Dance music doesn’t die–it just gets recycled. Note, for instance, that reigning world-crossing pop-charting kings of Euro schlock, Swedish House Mafia, have incorporated two of tonight’s “Decades of Dance” headliners into their own music, grabbing Deborah Cox to belt their “Leave the World Behind” hook and retouching Robin S’s “Show Me Love” for Until One. Tonight, though, is all about the originals, with Cox and S joined by C+C Music Factory (“Everybody Dance Now”), Crystal Waters (“Gypsy Woman”), Aubry, and Giorgio. Best do as C+C says. — By Nick Murray

Dru Hill
B.B. King Blues Club & Grill
8pm, $30/$35
For every triumph like “How Deep is Your Love” or the “Thong Song,” Dru Hill has faced self-inflicted setbacks like 2002’s Dru World Order or having public fisticuffs provoked by longtime member Woody quitting the group during a radio appearance that was actually staged in order to announce what would have been the group’s reunion. Fortunately, Sisqó, Nokio, and company have slowly crept back onto the stage, with 2010’s InDRUpendence Day and appearances on Keith Sweat’s reality series Platinum House reestablishing themselves as a viable act on the late ’90s urban music circuit. And quite rightly, since no one this side of Jodeci knows how to string together tighter harmonies than the Baltimore quartet. — By Winston Groman

Wolf Eyes
Issue Project Room 110 Livingston
2pm, $15
A rare beast indeed, Wolf Eyes manage to play the weirdest avant-garde “out” free-music as well as the occasional aggressive quasi-metal banger and still get props from noise-loving hipsters. They’ve released so many records that even Andrew W.K. appeared on one or two of them, and yet they still find ways to sound fresh, such as the shimmering drones of “Chattering Lead,” off their latest album, No Answer: Lower Floors. Because of their versatility, they’re headlining the Issue Project Room’s showcase of lo-fi head trips, which also features post-punks the Men, echo-clad singer-songwriter Amen Dunes, and family-unfriendly scuzz rockers PC Worship. — By Kory Grow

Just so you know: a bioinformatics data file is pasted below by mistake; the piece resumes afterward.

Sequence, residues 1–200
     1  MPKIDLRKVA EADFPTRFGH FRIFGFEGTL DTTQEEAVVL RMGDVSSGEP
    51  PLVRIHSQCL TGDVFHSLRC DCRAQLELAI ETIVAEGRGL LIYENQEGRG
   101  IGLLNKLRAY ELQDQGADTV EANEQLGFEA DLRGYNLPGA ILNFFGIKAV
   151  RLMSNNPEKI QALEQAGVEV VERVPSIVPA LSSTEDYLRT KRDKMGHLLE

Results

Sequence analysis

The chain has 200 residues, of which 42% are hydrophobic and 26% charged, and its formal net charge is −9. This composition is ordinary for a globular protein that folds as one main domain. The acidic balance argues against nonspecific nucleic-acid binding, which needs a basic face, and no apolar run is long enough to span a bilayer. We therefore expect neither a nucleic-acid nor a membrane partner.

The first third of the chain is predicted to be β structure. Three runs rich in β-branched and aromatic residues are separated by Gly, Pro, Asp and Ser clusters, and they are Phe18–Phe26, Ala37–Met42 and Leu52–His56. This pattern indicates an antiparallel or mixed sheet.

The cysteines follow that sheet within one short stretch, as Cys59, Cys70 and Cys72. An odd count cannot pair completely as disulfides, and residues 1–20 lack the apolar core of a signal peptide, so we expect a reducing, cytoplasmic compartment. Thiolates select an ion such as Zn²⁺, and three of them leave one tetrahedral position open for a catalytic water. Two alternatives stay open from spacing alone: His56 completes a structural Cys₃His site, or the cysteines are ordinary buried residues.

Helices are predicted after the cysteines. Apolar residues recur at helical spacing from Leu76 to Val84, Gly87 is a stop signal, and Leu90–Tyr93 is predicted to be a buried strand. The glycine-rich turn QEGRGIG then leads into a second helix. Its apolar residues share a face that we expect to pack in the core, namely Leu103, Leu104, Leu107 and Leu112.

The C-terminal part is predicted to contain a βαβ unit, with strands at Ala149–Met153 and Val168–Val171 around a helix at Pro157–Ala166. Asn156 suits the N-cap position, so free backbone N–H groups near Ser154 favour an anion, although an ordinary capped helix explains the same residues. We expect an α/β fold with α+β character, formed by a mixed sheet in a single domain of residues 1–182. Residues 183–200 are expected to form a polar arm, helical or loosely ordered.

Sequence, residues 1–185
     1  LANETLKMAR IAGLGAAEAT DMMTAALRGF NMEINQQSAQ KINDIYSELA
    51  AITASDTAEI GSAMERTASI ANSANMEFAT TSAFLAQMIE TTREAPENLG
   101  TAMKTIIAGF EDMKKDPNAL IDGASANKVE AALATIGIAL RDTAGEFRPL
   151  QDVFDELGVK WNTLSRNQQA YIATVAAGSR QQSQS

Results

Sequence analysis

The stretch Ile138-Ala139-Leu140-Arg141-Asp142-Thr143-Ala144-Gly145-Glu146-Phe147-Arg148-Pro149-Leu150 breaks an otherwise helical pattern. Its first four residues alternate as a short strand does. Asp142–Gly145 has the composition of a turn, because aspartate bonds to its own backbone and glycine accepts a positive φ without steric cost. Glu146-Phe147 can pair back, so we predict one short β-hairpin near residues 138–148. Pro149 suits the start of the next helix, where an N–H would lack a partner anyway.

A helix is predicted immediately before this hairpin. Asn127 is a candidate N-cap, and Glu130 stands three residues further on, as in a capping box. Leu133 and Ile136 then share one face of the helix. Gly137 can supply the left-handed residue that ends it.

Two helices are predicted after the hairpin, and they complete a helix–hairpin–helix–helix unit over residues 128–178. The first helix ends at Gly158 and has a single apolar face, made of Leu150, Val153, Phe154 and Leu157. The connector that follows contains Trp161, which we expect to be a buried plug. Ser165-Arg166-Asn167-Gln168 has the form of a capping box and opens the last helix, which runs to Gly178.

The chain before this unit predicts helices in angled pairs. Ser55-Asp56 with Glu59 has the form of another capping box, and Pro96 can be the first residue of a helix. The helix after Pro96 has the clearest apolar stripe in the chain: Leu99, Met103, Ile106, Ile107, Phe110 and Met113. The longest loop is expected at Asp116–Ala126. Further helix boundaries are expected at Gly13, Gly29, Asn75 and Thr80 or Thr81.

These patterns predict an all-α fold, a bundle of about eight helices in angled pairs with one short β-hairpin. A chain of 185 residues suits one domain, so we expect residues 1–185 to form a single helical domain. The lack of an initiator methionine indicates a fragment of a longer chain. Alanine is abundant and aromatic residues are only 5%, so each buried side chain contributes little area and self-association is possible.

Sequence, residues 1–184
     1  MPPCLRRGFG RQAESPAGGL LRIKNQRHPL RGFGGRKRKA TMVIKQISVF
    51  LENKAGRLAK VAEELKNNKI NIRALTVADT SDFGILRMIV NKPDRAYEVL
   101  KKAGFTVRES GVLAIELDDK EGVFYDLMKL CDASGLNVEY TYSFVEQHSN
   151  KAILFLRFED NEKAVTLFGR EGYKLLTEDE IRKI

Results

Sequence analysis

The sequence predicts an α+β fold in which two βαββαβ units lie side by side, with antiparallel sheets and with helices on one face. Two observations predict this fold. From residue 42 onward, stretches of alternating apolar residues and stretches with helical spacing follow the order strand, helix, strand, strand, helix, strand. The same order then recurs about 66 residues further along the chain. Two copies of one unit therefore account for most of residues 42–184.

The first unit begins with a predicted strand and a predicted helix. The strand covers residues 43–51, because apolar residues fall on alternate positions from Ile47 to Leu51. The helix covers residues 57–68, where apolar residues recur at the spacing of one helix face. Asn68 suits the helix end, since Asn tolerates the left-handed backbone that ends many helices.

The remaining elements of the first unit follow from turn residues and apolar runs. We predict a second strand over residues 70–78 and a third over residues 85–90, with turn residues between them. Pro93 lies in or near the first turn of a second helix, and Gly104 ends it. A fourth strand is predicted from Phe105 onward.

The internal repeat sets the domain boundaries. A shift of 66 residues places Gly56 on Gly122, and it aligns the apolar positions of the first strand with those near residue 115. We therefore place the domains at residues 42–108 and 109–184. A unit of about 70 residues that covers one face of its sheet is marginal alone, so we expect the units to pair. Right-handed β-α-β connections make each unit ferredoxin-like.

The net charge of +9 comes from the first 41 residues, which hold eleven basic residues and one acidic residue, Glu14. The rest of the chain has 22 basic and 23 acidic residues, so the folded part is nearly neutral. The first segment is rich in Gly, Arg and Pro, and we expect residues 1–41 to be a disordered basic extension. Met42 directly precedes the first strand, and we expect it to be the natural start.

Caribou + Museum of Love + Stellar OM Source + Pional + Empress Of + Terreke
P.S. 1
3pm, $15/$18
Another summer Saturday, another blowout in Long Island City. This year’s Warm-Up series have skewed toward fringe dance music, and today’s lineup is no different, featuring the tribal jazz stylings of Caribou under his Daphni DJ alias, the debut performance of Museum of Love with former LCD Soundsystem drummer Pat Mahoney on lead vocals, and Stellar Om Source of RVNG Intl playing live. — By Aaron Gonsher

Sunday, 8/25:

Goodie Mob
Brooklyn Bowl
10pm, $50
Just so we’re on the same page, let’s make note of the fact that CeeLo’s cultural reputation was cemented long before he started picking winners on The Voice, saying “eff you” over Motown instrumentals, or using the name Gnarls Barkley to record the song of the year. Goodie Mob–the Atlanta rap group that CeeLo formed with Khujo, T-Mo, and Big Gipp–might not have reached as many homes as those more recent projects, but the ones it did reach it changed forever. Both street and spiritual, hard and wise, their debut, Soul Food, literally coined the phrase “Dirty South.” Tonight, all four members head north to reunite at Brooklyn Bowl. — By Nick Murray